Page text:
“It’s them who know better how to take care of the forest, those who live there. We put the man (sic) at the center of production…Now when they walk in the forest, they see barriers.”
Coralie Nicopas, a representative of French Guiana’s Parc Naturel Régional about an alternative set of parks set aside by and for the indigenous people of French Guiana as an alternative to the national park model imposed by France that has had various adverse effects on the people living in the forests. He told me about how the French model causes indigenous people to lose their land, seek alternative work in the cities, lose their indigenous skills and has led to problems with alcoholism and youth suicidality.
He is at work developing a network of natural regional parks that are owned and run by the indigenous people who inhabit them, who collectively make decisions about where, when and how to farm, fish and collect.
Grassroots Environmental and Climate Justice at COP21
It’s impossible to talk about global climate change without running into issues of inequality, in fact the two seem to be inescapably entangled. The concept of environmental justice emerged, in the United States, in the 60s and 70s when the disparate distribution of pollution, especially toxic waste, among already marginalized social groups drew national attention. In the 60s and 70s, the predominantly white, middle-class environmental movement tended to exclude those who were most impacted by pollution-induced asthma, toxic cancers and poisoned water supplies – namely black and brown people and people of low socioeconomic status. Civil rights and environmental movements acted in separate spheres, as if the two never overlapped. Several reports, federal actions and high profile cases later, the environmental justice movement is a movement of movements that aims to highlight the social, political and economic dimensions of how environmental harms and hazards affect people, and their interactions with the natural environment.
Scholar Michael Mascarenhas writes that environmental justice recognizes the empirical reality that “racial and ethnic minorities, low-income people, and indigenous peoples are more likely to live in close proximity to hazardous environmental facilities and that their communities continue to be the targets for the siting and growth of ‘dirty industries,’” (1).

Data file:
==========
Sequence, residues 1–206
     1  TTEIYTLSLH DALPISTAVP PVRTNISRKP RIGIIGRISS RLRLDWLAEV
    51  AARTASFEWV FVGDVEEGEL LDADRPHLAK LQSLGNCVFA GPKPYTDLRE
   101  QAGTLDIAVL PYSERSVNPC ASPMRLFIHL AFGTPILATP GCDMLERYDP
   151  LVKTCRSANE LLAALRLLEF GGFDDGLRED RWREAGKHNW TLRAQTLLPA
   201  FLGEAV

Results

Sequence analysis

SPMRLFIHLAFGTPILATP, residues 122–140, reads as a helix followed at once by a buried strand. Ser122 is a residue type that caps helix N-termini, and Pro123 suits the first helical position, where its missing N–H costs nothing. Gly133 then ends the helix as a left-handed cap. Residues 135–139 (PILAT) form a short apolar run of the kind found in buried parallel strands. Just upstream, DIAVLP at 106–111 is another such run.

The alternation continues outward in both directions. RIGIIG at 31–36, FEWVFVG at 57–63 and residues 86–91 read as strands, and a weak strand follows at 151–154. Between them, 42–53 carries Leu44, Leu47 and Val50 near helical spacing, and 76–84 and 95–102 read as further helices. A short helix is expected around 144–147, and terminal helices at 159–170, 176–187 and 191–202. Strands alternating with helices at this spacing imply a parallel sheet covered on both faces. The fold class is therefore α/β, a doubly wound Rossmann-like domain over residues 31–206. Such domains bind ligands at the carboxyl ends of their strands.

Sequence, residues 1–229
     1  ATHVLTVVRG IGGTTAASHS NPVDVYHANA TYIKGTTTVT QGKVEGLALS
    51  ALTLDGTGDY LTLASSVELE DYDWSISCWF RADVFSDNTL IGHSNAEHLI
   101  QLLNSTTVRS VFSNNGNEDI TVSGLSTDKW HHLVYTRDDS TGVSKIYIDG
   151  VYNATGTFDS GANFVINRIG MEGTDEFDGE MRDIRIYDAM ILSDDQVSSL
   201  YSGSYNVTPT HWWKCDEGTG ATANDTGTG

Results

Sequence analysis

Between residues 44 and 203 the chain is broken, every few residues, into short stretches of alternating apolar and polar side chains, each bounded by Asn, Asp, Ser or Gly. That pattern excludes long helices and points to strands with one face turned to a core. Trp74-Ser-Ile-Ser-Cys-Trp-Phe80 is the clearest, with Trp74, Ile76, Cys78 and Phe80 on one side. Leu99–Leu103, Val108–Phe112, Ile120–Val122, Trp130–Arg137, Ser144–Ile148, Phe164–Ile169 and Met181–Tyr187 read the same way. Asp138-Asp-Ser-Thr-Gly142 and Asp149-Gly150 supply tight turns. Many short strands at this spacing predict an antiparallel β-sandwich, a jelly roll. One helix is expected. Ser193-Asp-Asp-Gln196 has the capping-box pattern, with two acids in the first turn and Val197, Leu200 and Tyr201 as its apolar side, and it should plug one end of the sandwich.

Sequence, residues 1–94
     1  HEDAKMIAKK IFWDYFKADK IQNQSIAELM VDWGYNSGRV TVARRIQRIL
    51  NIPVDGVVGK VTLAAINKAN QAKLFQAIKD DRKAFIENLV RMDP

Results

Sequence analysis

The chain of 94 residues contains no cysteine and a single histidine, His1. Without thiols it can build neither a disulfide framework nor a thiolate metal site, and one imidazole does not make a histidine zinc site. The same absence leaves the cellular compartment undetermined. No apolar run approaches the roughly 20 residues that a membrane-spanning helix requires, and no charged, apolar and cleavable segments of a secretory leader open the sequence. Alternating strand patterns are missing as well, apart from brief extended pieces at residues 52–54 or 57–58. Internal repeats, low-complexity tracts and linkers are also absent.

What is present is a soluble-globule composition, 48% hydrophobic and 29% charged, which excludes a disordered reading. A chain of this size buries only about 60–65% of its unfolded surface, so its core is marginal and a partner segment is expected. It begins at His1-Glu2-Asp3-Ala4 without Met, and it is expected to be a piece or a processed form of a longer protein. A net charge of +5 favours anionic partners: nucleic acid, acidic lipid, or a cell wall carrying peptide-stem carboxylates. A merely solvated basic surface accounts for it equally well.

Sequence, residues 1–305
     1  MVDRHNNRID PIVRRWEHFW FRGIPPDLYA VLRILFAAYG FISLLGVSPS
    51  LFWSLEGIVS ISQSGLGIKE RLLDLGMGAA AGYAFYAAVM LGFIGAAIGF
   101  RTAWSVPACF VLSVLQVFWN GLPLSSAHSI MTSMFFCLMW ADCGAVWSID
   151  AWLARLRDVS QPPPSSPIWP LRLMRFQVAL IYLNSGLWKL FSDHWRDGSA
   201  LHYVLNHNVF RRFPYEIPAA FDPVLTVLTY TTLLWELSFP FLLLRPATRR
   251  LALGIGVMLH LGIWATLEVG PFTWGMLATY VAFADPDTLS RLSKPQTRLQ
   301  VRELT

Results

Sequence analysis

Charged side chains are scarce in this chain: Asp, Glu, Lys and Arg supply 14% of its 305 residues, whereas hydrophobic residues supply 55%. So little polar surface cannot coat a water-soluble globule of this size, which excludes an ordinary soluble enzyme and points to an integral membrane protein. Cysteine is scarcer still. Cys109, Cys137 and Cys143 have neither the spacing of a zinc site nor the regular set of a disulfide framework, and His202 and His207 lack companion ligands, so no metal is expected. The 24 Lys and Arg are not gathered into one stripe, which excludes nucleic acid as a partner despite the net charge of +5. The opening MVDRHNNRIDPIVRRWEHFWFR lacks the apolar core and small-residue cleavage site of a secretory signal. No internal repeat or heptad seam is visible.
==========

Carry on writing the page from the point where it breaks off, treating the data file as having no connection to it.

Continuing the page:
Climate justice, by extension, is a concept that emphasizes similar unequal distributions, only now within the context of how climate change is impacting the Earth: unseasonable flooding, extreme droughts and heat waves, anomalous weather patterns, and many many other environmental harms associated with a global rise in temperature. As you can already guess, this has (and will have even greater) impacts on how we conduct agriculture, on the spread of tropical diseases, how and where we make our settlements, and on the borders (and even the future existence) of nations – and not all of us will bear those burdens the same.
The inequality inherent in the way that climate change unfolds on the ground could not be more obvious. Scholars J. Timmons Roberts and Bradley C. Parks write that “The issue of global climate change is fundamentally about injustice and inequality…” (3). Not only are historically marginalized communities most affected by climate change, but these groups contributed the least to the issue in the first place. The continent of Africa, for example, emits less than some individual countries, and is one of the lowest emitting continents in the world. Paradoxically, (unfairly), the latest IPCC reports rank Africa as the continent most vulnerable to climate change impacts!
An Oxfam report released just the other day found that the world’s richest 10 percent of the population produces half of global carbon emissions, while the poorest half of the world contribute to just 10 percent of emissions (2).
Here in Paris it’s obvious that scholarly work is trailing closely behind the activist and organizers who already have been implementing these concepts and worldviews into their work. For example, the It Takes Roots Delegation, a broad grassroots coalition of more than 50 organizations and communities most impacted by climate change, does work squarely around the concept of climate justice. The coalition includes organizations such as the Indigenous Environmental Network (IEN), Cooperation Jackson, the Black Mesa Navajo Nation, Southwest Workers Union, Fuerza Unida San Antonio, Iraq Veterans Against the War, Climate Justice Alliance, Just Transition Alliance, Rising Tide North America and the Southern Mine Workers Center, just to name a very few.